There are many different conclusions the DEA has come to regarding the stark difference between meth use in the Midwest and western states in comparison to the eastern states.
One of the reasons has to do with location. Geographically, Mexico sits just south of the areas of the country most affected. Unfortunately, this is where a lot of illegal drugs, including Meth, enter the country.
Despite the U.S. and Mexico working together to stop TCOs from selling Meth over the border, the problem persists. This is because of the simple technique smugglers use to make the drug itself.
With most Methamphetamine being cooked by TCOs in Mexico and their ability to hide it from law enforcement makes it difficult for the DEA to find stable footing.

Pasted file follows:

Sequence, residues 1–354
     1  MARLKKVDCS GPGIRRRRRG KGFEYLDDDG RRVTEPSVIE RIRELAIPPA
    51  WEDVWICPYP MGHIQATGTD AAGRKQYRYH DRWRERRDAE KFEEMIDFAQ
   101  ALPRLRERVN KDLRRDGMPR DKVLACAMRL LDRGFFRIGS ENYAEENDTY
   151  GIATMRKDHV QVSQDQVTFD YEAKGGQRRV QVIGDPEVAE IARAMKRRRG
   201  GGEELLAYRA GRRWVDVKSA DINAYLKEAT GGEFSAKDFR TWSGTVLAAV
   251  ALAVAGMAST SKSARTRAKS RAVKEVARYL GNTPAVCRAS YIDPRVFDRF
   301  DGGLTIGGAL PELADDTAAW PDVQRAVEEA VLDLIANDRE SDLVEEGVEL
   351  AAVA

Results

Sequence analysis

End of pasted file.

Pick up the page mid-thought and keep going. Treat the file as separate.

Not to mention the sale of these drugs to younger people in clubs causes more addiction. Thus, creating demand for more of the drug.
Typically, those who use Meth consistently have an addiction or a Substance Use Disorder (SUD). A meth user with a SUD can be identified if you know what signs to look for.
Overall, noticing these signs in someone who has a Meth SUD could save their life.
Although these signs may indicate a meth addiction or SUD, it is important to remember that these also may be signs of more common problems.
Such as anxiety, bipolar disorder, psychosis, skin conditions, or dental issues.
It may not be wise to assume your friend or a family member has a SUD in these cases. However, knowing the signs is better than not knowing.
The long-term effects of Meth can be broken down into three categories: physical, mental, and dental.
There are always noticeable characteristics of Meth abuse that everyone can see. These include:
These come as a result of chronic Methamphetamine abuse. Nevertheless, there are more that may go unnoticed, such as the neurological effects. According to the NIDA
With these cells being too active and attacking neurons, it is understandable how there would also be mental effects.